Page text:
Another instalment in the Expat Interview Series! I’ve reached out to expats in different countries to hear why people might choose to move abroad, and how they do it. If you want to know more about moving to a particular country this is the place. If you’re interested in taking part, or want to see a certain expat destination featured let me know!
I went to Iceland back in 2013, after meeting two amazing Icelandic girls in Thailand. I didn’t know much at all about this island in the far north, and it blew me away! Now Iceland is at the top of everyones bucket list! Iceland wouldn’t be everyones first choice to be an expat, but todays interviewee, Crystal of Stranger in a Strange Land, has made it her home. Check out more about moving to Iceland below!
Table of Contents
- 1 What made you decide to move to Iceland?
- 2 Do you need a visa to live in Iceland?
- 3 Tell me about the cost of living. What’s the price of a beer and a loaf of bread?
- 4 What’s the social scene like? How easy is it to make friends?
- 5 What’s the best thing about living in Iceland?
- 6 What’s the hardest thing about living in Iceland?
- 7 If we had just one day in Iceland what should we not miss?
- 8 If you could give one piece of advice to people looking to live in Iceland what would it be?
What made you decide to move to Iceland?
I got the coaching job in Iceland very unexpectedly and randomly. I studied abroad in London last year and visited 18 countries during my year abroad. My favorite outside of the UK was Iceland. I knew how hard it was to get a visa as an American in Iceland so I didn’t think I could ever actually move here.
This November, I was just on my computer and whimsically Googled “skating coach in Iceland.” I found an ad in English on the ISU (the main governing body of international skating) for a club in Reykjavik that was looking for a coach to start in July. Even though it was way past the deadline, I emailed them asking if they still needed a coach.
I didn’t hear back for a month and pretty much forgot about it, when they emailed them asking for a resume. I wrote up a quick resume with my skating background and coaches I’d worked with and by the next morning, they asked for a Skype interview that same day. At the end of the interview, they said they would talk it over for a week and get back to me. Fifteen minutes later, I had an email from them saying they would love to have me in Iceland and if I could move there by January 11. (This was about a month before). So I called my parents and said, “So, I just got a job in Iceland. I think I’m going to move to Iceland.”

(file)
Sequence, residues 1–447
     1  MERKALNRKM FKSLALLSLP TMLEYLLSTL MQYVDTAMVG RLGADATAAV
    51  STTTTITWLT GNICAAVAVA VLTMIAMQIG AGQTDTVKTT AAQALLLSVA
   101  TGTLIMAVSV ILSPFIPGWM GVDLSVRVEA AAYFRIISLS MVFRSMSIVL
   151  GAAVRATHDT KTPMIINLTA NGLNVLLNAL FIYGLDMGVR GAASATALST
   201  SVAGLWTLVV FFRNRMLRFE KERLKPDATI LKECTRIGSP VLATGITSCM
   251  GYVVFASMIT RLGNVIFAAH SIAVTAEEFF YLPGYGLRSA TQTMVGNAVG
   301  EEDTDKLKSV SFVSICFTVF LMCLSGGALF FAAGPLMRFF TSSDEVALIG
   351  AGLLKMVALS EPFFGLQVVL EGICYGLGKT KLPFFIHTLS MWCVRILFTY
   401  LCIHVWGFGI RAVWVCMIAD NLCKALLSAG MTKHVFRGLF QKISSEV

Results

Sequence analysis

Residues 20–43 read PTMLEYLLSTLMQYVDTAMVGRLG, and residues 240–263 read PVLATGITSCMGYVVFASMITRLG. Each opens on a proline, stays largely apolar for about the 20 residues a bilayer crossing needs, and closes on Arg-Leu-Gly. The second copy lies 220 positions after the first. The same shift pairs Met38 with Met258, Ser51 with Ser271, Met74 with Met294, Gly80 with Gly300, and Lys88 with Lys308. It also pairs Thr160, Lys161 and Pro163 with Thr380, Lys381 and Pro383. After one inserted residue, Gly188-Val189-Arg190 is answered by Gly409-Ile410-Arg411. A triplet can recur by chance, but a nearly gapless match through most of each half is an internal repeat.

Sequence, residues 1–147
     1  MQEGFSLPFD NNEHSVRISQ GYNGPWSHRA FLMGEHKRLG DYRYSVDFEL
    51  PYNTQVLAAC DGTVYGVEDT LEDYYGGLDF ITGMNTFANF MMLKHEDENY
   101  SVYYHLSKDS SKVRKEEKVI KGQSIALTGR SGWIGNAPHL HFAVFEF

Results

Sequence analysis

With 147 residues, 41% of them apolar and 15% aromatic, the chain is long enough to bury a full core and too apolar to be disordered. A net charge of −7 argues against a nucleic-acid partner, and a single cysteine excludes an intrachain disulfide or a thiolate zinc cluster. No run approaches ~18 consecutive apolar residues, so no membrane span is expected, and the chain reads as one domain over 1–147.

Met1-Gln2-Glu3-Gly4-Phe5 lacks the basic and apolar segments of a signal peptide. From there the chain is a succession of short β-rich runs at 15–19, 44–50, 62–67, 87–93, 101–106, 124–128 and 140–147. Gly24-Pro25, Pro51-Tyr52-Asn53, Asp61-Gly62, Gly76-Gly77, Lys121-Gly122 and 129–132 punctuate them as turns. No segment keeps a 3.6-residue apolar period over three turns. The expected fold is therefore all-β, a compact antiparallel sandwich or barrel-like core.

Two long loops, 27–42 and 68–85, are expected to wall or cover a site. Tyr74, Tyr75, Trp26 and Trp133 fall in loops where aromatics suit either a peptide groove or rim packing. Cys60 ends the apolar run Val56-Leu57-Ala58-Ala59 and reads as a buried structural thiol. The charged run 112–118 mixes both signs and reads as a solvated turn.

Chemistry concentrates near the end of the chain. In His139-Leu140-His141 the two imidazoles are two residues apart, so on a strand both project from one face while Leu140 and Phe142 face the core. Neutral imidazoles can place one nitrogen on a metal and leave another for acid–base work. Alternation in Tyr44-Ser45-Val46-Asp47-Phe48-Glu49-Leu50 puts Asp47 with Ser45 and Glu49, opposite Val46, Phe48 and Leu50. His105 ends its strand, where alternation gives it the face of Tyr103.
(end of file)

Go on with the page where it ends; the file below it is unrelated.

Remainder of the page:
Do you need a visa to live in Iceland?
It depends on your nationality. As an American, I could visit for up to three months without a visa. Since I am working, I was required to get a visa. There are varying ways to get a visa including: student visas, specialized work visas, and family reunification.
Tell me about the cost of living. What’s the price of a beer and a loaf of bread?
The cost of living in Iceland is notoriously high. It doesn’t help that I haven’t quite figured out the currency yet. My flat in a Reykjavik suburb is 110,000 ISK (around $845) per month. I have a bus card that is 11,300 ISK (around $86) per month. Food prices vary, but currently a loaf of bread is around 350 ISK ($2.60) and a beer is around 900 ISK (almost $7). I recommend their rye bread which is baked geothermally!
I made most of my friends here through my Icelandic language class and my coaching job. Like anywhere, it is hard to make friends if you don’t go outside of work and the house to engage with the community. I didn’t really make friends for the first few weeks, but now that I have a small friend group, I find plenty of fun things to do!
What’s the best thing about living in Iceland?
Iceland’s natural beauty is what makes it most impressive. Nature is so raw and harsh, with glaciers, geysers, waterfalls, black sand beaches, and the northern lights. It’s really amazing. For such a tiny country, it has a lot of culture.
What’s the hardest thing about living in Iceland?
Daylight hours have already expanded drastically but during January and early February, it was hard to adjust to short hours of daylight. When I first got here, the sun wouldn’t rise until 11:42 AM which made it feel like it was 6 AM. I was practically nocturnal for a few weeks staying up until 5 AM and waking up at noon.
If we had just one day in Iceland what should we not miss?
Reykjavik itself is gorgeous, but go outside of the city to the Golden Circle and South Shore. Waterfalls, black sand beaches, geysers, and volcanoes await! Also, be sure to stop at the otherworldly Blue Lagoon and hunt for the Northern Lights!
If you could give one piece of advice to people looking to live in Iceland what would it be?
Visit before you make a commitment to move. Iceland is unlike anywhere else I’ve ever travelled. Nature is in its harshest form, which results in sidewalks constantly covered in ice, sideways rain, and high wind. There are nearly 24 hours of darkness in the winter and 24 hours of sunlight in the summer. It has a small population so the whole country has a small town feel. I love it here, but some people might prefer just a visit rather than full relocation.
Crystal has a chronic case of wanderlust and has called two foreign countries home. She currently teaches figure skating in Iceland and shares her adventures (and numerous mis-adventures) at Stranger in a Strange Land.
Have you been to Iceland? Would you consider living there?